Department of English

University of Toronto

2000 Series Course Descriptions

ENG2282HF
Ben Jonson
J. Astington

Course Description:
Critical reading of a representative selection of the entire works of Jonson from the 1590s to the 1630s: plays, poems, masques, occasional entertainments, and prose. Jonson's literary life was long and varied, and it can make Shakespeare's look constrained by comparison. The difference in their long-term fame is evident, but Jonson had the more immediate influence on the writers surrounding and following him; there never was a "School of Will." Ben Jonson can be made to sound forbidding by calling him "learnèd," an adjective attached to his work fairly early in critical history. While recognising some of the rhetorical frameworks in which he worked we shall concentrate on encountering the energy, inventiveness, and occasional sheer wildness of his writing.

Course Reading List:
Major plays from Every Man In to Bartholomew Fair; selected early and later plays. Selected poems from Jonson's major collections, with some other uncollected poems. Selected masques and entertainments from Queens to Bolsover. Discoveries, Conversations with Drummond.

Course Method of Evaluation and Requirements:
Continuous evaluation of class preparation/participation; 20% Oral seminar presentation; 35% Final written paper, c. 5K words: 45%

Term: F-Term (Fall or First Term: September - December 2018)
Date/Time: Tuesdays, 11:00 am - 1:00 pm, 2 hours
Location: Room JHB TBA (Jackman Humanities Building, 170 St. George Street)

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ENG2983HS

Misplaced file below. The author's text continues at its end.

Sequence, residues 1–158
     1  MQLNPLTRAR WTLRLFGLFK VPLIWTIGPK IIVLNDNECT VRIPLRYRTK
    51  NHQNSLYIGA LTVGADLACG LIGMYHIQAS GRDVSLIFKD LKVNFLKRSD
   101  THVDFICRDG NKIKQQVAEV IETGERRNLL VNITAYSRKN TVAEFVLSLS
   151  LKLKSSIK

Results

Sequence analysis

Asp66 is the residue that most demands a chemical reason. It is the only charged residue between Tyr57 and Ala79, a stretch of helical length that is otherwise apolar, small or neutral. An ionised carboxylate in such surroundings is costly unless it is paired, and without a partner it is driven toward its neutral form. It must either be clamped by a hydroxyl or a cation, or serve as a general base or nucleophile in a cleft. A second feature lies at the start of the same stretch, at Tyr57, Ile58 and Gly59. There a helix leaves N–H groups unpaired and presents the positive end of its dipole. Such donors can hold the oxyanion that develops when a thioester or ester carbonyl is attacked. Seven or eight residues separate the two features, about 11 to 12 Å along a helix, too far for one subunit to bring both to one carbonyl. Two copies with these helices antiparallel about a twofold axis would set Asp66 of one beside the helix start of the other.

Paradise Lost
Instructor TBA

Course Description:
In this seminar, we will have a rare opportunity to work closely with a single, literary text. Although numerous issues will come up spontaneously in the course of discussion, we will focus on tensions that arise from two different approaches to Paradise Lost: studies that situate it in the historical moment of its production (involving interrelations with contemporary texts and events as well as its precursors) and those that emphasize the history of its reception. When we analyze specific conceptual, generic, verbal, and formal features of Paradise Lost, we will want to reflect upon these two different approaches, as well as tensions between them, by critically examining the sources of any assumptions, knowledge and reading practices, whether our own or those of editors or commentators we come across in research.

Course Reading List:
Texts: The Oxford Milton; John Milton, Milton: Political Writings, ed. Martin Dzelzainis
Texts have been ordered through The Bob Miller Book Room, 180 Bloor Street West, Lower Concourse, Toronto. Telephone: (416) 922-3557

Course Method of Evaluation and Requirements:
Participation (TBA), Facilitations (TBA) Two facilitations or co-facilitations (TBA), Textual Analysis (TBA), Essay Proposal (TBA), Final Essay (TBA).

Term: S-Term (Spring or Second Term: January - April 2019)
Date/Time: Tuesdays, 4:00 pm - 6:00 pm, 2 hours
Location: Room JHB TBA (Jackman Humanities Building, 170 St. George Street)

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